Going green

High regional commercial energy costs and a developing ‘green’ conscience is driving a slow, but steady uptake of green IT initiatives in the Middle East.

Tags: Dell CorporationGulf Business MachinesR&M Middle EastRuckus Wireless (www.ruckuswireless.com/)Xerox Corporation
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Going green
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By  Georgina Enzer Published  September 21, 2013

High regional commercial energy costs and a developing ‘green’ conscience is driving a slow, but steady uptake of green IT initiatives in the Middle East.

While green IT is an important consideration for companies in the US and Europe, the concept is still in its infancy in the UAE and Middle East region, with the only real green IT champions being the telecoms companies and enterprises with their head offices in the US or Europe, such as Dell and R&M.

“Sustainability and green technologies are increasingly high priority topics for CIOs worldwide,” explains Mathias Militzer, general manager at printer specialist Lexmark International, MEA. “In the Middle East, there is an increased drive towards sustainability and responsible consumption, especially with the governments emphasising the need for harnessing more green technologies in the drive towards development. This will impact the market for sustainable products favourably over the next few years.”

In the Middle East, the GCC is the most focused region in its approach to promoting sustainable and green practices, according to Gulf Business Machines.

“Many countries in the GCC are trying to establish themselves as international centres; which is one of the reason they are focusing on renewable energy and sustainability. Solar energy, for example, is set to emerge as one of the region’s main energy sources in the next few years as large investments are being made in this sector. Governments and manufactures in the region have matured in the past few years while regional companies have started to comply and add green products and solutions requirements to their evaluation criteria,” states Hani Nofal, director of Intelligent Network Solutions at GBM.

With the cost of commercial power causing regional businesses severe headaches, the energy saving side of green IT should be coming into sharp focus for most medium to large size regional enterprises. Nader Baghdadi, Middle East regional director at Ruckus Wireless, says he expects green IT and sustainability to rank in the CIO’s top five concerns within the next two years.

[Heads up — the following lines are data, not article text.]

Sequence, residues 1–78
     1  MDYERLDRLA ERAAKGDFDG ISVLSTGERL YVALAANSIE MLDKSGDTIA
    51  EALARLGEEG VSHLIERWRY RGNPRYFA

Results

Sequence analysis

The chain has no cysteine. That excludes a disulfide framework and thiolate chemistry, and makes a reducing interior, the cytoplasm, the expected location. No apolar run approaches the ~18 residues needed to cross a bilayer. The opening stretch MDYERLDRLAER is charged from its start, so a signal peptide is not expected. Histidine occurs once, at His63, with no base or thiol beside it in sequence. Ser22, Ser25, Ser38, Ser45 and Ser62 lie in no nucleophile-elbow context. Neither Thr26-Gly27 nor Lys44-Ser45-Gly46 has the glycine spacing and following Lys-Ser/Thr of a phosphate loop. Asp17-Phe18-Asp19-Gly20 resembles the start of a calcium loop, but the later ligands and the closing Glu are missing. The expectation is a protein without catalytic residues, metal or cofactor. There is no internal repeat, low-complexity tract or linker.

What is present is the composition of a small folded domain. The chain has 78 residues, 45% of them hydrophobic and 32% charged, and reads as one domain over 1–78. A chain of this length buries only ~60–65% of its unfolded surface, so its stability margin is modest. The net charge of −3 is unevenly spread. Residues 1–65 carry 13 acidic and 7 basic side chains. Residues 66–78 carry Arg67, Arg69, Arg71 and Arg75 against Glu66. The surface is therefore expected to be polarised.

“Generally speaking, applying a green approach to technology will cut costs,” he says. “But the Middle East still doesn’t top the list compared with the US and other parts of the world, and this is primarily because of the lack of awareness programs in the region.”

If the Middle East lags behind the West in adapting to a greener IT model, it is catching up fast, driven in part by broader technology trends such as virtualisation and cloud computing, which encourage a leaner approach to IT infrastructure.

“With a new set of technologies setting their foot in the region, many Government-backed agencies and initiatives are in place to promote sustainability, energy efficiency and green IT in both public and private enterprises in the region,” says Salil Dighe, managing director at Dubai-based data management specialist Meta Byte Technologies.

Power aware

Some local businesses have developed a unique way to make the IT department accountable for the power they use. Traditionally the company’s facilities department paid the power bill, now some large enterprises are asking each individual department to pay their own power bills to force them to think more about power consumption and how to reduce energy costs, according to Dell.

“A few local customers that are green savvy have moved the cost of power to each of the different departments. Marketing pays their power, IT pays their power. Now that IT are paying the cost of electricity, they have realised how large it is and they are looking at saving power. A lot of customers that are paying the electricity bill have started using the lower power CPUs, sacrificing slightly on the performance of the CPU and making it up in other areas, such as adding a bit to the memory and upgrading the network. By doing this you will get similar performance that is not so power hungry,” explains Basil Ayass, marketing director Dell Middle East.

With the shift to IT paying their own electricity, Dell has seen IT start to ask, as part of their procurement process, for with power consumption estimates of the IT hardware they are purchasing before they buy because they know their power budget and what they can spend on electricity.

“For the UAE and the region as a whole, being environmentally friendly is considered as a new trend, which is picking up pace as greater awareness of the benefits and ease of realising a greener and more sustainable environment becomes commonplace,” said Dan Smith, head of integrated marketing for the Middle East and Africa at printer and copier vendor Xerox.

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